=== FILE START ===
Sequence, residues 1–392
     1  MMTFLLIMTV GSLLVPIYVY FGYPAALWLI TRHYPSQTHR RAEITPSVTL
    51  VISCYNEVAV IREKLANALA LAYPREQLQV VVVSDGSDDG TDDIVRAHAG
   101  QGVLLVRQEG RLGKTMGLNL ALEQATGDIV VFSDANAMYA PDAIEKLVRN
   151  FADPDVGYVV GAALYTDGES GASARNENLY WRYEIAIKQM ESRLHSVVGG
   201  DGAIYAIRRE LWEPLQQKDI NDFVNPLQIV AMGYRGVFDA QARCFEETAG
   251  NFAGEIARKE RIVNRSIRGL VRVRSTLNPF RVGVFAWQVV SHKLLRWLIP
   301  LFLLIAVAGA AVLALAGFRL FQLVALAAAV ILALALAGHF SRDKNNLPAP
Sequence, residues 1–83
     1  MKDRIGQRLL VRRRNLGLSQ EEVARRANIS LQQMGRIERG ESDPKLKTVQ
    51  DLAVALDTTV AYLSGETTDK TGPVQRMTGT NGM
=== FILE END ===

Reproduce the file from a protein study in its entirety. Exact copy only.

Sequence, residues 1–392
     1  MMTFLLIMTV GSLLVPIYVY FGYPAALWLI TRHYPSQTHR RAEITPSVTL
    51  VISCYNEVAV IREKLANALA LAYPREQLQV VVVSDGSDDG TDDIVRAHAG
   101  QGVLLVRQEG RLGKTMGLNL ALEQATGDIV VFSDANAMYA PDAIEKLVRN
   151  FADPDVGYVV GAALYTDGES GASARNENLY WRYEIAIKQM ESRLHSVVGG
   201  DGAIYAIRRE LWEPLQQKDI NDFVNPLQIV AMGYRGVFDA QARCFEETAG
   251  NFAGEIARKE RIVNRSIRGL VRVRSTLNPF RVGVFAWQVV SHKLLRWLIP
   301  LFLLIAVAGA AVLALAGFRL FQLVALAAAV ILALALAGHF SRDKNNLPAP
Sequence, residues 1–83
     1  MKDRIGQRLL VRRRNLGLSQ EEVARRANIS LQQMGRIERG ESDPKLKTVQ
    51  DLAVALDTTV AYLSGETTDK TGPVQRMTGT NGM